Software-defined networking (SDN) and network function virtualization (NFV) offer some pretty compelling price/performance advantages, but they harbor a dirty little secret: Virtualization and software overhead can eat up 80 percent of hardware capacity.
That cuts into cost savings but, more importantly, increases complexity as IT organizations have to layer on additional servers to match the throughput of dedicated networking equipment. And some applications simply don’t scale out that well.
Enter Netronome Systems Inc.‘s Agilio Server Networking Platform a hardware co-processor and software bundle that the company says can completely and transparently offload server-based networking data paths. Fitted anto a PCIe card, the product is said regain nearly all of the hardware capacity lost to typical SDN/NFV overhead.
Network virtualization can consume as many as twelve out of the sixteen core processors on an x86 server, said Sujal Das, senior vice president and general manager of the strategy and data center business unit at Netronome, a 12-year-old maker of hardware and software for network virtualization.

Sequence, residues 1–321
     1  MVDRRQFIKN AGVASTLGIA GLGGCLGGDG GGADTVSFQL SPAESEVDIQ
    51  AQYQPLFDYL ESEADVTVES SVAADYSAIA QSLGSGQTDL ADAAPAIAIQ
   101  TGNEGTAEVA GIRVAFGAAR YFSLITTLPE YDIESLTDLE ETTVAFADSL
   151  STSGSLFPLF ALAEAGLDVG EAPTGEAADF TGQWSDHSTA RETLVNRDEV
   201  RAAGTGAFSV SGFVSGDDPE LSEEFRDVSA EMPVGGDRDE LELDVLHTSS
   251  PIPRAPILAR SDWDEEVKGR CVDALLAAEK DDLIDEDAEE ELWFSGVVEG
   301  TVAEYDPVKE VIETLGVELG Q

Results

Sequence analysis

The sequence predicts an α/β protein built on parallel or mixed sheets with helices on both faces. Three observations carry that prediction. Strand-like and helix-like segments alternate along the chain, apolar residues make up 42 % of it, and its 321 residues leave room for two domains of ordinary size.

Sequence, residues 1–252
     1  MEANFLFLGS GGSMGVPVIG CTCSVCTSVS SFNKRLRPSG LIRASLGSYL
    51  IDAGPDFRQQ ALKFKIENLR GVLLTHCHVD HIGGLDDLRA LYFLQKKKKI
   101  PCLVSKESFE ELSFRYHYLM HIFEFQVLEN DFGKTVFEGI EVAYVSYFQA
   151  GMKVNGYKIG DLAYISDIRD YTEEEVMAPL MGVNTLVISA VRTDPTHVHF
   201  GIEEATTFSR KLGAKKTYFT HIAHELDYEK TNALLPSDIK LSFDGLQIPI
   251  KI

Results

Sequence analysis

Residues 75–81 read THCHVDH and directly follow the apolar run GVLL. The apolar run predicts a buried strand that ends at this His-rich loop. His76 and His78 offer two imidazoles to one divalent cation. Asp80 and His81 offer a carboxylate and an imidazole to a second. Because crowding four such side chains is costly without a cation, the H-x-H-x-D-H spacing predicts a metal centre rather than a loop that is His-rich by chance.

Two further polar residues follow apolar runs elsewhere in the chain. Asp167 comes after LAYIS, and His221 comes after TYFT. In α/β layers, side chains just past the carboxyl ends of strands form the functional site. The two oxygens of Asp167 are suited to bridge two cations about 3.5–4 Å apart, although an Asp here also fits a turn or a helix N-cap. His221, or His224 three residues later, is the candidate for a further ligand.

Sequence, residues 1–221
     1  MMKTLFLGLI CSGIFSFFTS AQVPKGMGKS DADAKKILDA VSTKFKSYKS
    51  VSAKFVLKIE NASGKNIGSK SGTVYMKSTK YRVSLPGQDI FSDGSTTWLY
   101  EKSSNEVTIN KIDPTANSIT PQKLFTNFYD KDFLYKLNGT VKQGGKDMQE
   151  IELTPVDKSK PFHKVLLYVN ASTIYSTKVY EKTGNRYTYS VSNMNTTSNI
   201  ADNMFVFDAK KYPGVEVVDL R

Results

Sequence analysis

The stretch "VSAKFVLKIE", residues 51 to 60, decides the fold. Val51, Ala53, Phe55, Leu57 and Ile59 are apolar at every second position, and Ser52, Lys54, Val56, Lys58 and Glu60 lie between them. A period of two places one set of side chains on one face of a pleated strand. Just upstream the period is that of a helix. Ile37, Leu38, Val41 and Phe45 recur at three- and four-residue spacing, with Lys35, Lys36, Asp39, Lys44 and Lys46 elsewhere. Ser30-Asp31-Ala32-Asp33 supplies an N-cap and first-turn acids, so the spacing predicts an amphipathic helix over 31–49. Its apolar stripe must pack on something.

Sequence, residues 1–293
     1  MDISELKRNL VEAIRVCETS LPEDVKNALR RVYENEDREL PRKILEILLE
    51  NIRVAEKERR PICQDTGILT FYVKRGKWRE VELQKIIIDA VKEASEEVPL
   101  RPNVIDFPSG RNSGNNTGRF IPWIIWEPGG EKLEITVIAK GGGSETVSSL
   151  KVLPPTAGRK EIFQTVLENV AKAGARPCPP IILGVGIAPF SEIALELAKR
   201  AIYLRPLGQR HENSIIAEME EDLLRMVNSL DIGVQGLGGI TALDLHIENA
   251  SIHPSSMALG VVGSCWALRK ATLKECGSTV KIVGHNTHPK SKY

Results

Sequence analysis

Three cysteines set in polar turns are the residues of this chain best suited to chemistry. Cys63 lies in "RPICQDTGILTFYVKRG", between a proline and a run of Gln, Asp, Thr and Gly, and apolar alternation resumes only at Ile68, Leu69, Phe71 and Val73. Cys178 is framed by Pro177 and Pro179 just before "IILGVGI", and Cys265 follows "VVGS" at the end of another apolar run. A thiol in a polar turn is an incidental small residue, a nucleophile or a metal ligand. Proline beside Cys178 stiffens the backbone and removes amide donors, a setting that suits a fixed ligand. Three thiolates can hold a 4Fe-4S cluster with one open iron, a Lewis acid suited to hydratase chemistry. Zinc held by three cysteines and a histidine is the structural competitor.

Security is also a problem in highly virtualized server environments because each virtual machine can require up to 1,000 security policy rules. “You can’t apply that number of policies efficiently in software,” Das said.
The Agilio CX intelligent server adapters are PCIe co-processors that use proprietary flow processing silicon and a software architecture that complies with standard networking software in commercial off-the-shelf servers. Onboard memory can support up to two million security policies and deliver 28 million packets per second of throughput using hardware-based acceleration. Agilio said the adapters use only about 10 percent of the compute resources required to deliver scalable server-based networking functions, allowing a typical server to reclaim 11 of the 12 cores typically lost to virtualization overhead. One card can handle up to 64 virtual machines and a second card can be added for larger environments.
The first product to be released will be a 10/40 gigabit Ethernet switch adapter running Open vSwitch and priced in the $600 range. Future plans include a virtual switch, virtual router and Linux firewall. The company is working with Juniper Networks Inc. on a virtual router based on Juniper’s Contrail vRouter as well as a Linux firewall. Security is based upon Mirantis Inc.’s OpenStack cloud implementation.